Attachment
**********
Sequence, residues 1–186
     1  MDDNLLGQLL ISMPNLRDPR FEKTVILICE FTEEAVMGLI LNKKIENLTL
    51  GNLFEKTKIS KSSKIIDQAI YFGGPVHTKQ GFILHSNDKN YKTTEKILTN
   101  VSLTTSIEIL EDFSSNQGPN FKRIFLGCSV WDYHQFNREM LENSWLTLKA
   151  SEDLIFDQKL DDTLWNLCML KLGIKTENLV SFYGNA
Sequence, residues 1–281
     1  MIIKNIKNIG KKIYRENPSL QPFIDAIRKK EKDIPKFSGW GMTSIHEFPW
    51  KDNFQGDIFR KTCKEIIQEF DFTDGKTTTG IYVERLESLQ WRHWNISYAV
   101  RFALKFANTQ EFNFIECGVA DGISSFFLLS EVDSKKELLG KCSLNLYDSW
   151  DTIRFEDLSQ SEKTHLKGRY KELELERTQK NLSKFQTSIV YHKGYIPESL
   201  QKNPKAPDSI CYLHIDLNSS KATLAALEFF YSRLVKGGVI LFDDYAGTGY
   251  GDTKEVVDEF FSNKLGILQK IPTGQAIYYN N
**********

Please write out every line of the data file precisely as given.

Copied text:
Sequence, residues 1–186
     1  MDDNLLGQLL ISMPNLRDPR FEKTVILICE FTEEAVMGLI LNKKIENLTL
    51  GNLFEKTKIS KSSKIIDQAI YFGGPVHTKQ GFILHSNDKN YKTTEKILTN
   101  VSLTTSIEIL EDFSSNQGPN FKRIFLGCSV WDYHQFNREM LENSWLTLKA
   151  SEDLIFDQKL DDTLWNLCML KLGIKTENLV SFYGNA
Sequence, residues 1–281
     1  MIIKNIKNIG KKIYRENPSL QPFIDAIRKK EKDIPKFSGW GMTSIHEFPW
    51  KDNFQGDIFR KTCKEIIQEF DFTDGKTTTG IYVERLESLQ WRHWNISYAV
   101  RFALKFANTQ EFNFIECGVA DGISSFFLLS EVDSKKELLG KCSLNLYDSW
   151  DTIRFEDLSQ SEKTHLKGRY KELELERTQK NLSKFQTSIV YHKGYIPESL
   201  QKNPKAPDSI CYLHIDLNSS KATLAALEFF YSRLVKGGVI LFDDYAGTGY
   251  GDTKEVVDEF FSNKLGILQK IPTGQAIYYN N